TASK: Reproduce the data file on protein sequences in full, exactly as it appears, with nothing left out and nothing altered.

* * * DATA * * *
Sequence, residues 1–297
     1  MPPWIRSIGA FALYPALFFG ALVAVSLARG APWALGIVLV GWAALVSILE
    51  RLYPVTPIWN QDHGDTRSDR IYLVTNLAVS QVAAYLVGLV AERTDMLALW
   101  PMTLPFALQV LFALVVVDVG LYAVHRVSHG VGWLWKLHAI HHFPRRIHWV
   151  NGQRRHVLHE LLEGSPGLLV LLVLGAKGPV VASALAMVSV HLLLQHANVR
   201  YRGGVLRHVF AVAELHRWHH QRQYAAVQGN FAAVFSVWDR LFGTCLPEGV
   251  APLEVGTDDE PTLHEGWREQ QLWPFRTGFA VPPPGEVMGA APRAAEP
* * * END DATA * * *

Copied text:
Sequence, residues 1–297
     1  MPPWIRSIGA FALYPALFFG ALVAVSLARG APWALGIVLV GWAALVSILE
    51  RLYPVTPIWN QDHGDTRSDR IYLVTNLAVS QVAAYLVGLV AERTDMLALW
   101  PMTLPFALQV LFALVVVDVG LYAVHRVSHG VGWLWKLHAI HHFPRRIHWV
   151  NGQRRHVLHE LLEGSPGLLV LLVLGAKGPV VASALAMVSV HLLLQHANVR
   201  YRGGVLRHVF AVAELHRWHH QRQYAAVQGN FAAVFSVWDR LFGTCLPEGV
   251  APLEVGTDDE PTLHEGWREQ QLWPFRTGFA VPPPGEVMGA APRAAEP